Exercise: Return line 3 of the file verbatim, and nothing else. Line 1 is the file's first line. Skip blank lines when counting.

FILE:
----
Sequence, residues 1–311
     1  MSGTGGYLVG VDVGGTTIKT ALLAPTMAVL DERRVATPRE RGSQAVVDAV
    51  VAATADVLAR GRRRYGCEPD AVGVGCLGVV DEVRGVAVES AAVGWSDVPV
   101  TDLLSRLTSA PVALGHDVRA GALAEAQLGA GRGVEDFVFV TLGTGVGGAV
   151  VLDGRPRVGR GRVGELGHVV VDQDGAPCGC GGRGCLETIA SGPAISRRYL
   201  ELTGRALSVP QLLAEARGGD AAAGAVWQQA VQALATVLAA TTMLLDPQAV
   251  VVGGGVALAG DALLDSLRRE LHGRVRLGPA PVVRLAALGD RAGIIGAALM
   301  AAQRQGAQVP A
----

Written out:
    51  VAATADVLAR GRRRYGCEPD AVGVGCLGVV DEVRGVAVES AAVGWSDVPV